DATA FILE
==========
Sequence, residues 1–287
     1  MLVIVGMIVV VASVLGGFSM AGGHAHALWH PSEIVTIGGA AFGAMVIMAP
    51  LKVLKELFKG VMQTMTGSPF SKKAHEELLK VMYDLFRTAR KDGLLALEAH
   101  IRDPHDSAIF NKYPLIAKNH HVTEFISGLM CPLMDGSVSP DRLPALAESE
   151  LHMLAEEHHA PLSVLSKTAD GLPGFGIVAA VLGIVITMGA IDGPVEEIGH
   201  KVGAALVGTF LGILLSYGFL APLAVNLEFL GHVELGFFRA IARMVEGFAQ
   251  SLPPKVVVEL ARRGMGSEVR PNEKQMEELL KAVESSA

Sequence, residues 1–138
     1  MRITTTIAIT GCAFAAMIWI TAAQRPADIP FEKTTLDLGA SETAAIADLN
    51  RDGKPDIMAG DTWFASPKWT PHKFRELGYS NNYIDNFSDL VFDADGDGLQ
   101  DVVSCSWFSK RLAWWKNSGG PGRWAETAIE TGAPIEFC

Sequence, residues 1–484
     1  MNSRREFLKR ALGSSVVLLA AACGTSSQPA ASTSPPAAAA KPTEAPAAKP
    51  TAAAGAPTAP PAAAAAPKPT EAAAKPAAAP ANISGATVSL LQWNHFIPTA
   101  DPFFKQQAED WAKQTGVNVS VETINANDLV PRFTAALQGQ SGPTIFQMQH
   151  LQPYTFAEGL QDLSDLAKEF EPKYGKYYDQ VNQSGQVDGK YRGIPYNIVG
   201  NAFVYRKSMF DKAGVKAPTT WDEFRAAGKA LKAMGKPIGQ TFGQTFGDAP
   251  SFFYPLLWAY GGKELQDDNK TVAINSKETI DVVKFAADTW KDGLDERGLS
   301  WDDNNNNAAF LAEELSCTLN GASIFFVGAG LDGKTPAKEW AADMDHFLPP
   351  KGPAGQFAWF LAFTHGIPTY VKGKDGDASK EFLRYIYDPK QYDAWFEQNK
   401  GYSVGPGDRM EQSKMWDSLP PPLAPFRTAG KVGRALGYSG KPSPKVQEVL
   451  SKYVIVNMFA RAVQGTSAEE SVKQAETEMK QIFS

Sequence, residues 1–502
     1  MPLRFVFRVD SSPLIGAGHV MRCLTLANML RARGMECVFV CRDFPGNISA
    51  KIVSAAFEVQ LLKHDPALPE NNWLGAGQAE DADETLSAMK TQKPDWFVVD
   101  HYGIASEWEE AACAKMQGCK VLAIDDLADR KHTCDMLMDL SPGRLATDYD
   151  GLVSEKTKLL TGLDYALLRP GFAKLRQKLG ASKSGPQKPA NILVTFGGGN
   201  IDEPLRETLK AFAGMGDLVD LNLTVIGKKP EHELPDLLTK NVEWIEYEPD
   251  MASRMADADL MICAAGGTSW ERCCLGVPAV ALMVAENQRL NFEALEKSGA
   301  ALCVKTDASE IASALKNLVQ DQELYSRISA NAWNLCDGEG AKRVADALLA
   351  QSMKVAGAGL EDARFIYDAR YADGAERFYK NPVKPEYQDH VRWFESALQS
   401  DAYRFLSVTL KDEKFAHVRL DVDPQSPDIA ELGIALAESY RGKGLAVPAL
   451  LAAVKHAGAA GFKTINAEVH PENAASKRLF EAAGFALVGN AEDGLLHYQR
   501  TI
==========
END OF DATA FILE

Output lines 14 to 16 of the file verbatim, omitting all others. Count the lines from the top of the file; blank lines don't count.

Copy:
    51  TAAAGAPTAP PAAAAAPKPT EAAAKPAAAP ANISGATVSL LQWNHFIPTA
   101  DPFFKQQAED WAKQTGVNVS VETINANDLV PRFTAALQGQ SGPTIFQMQH
   151  LQPYTFAEGL QDLSDLAKEF EPKYGKYYDQ VNQSGQVDGK YRGIPYNIVG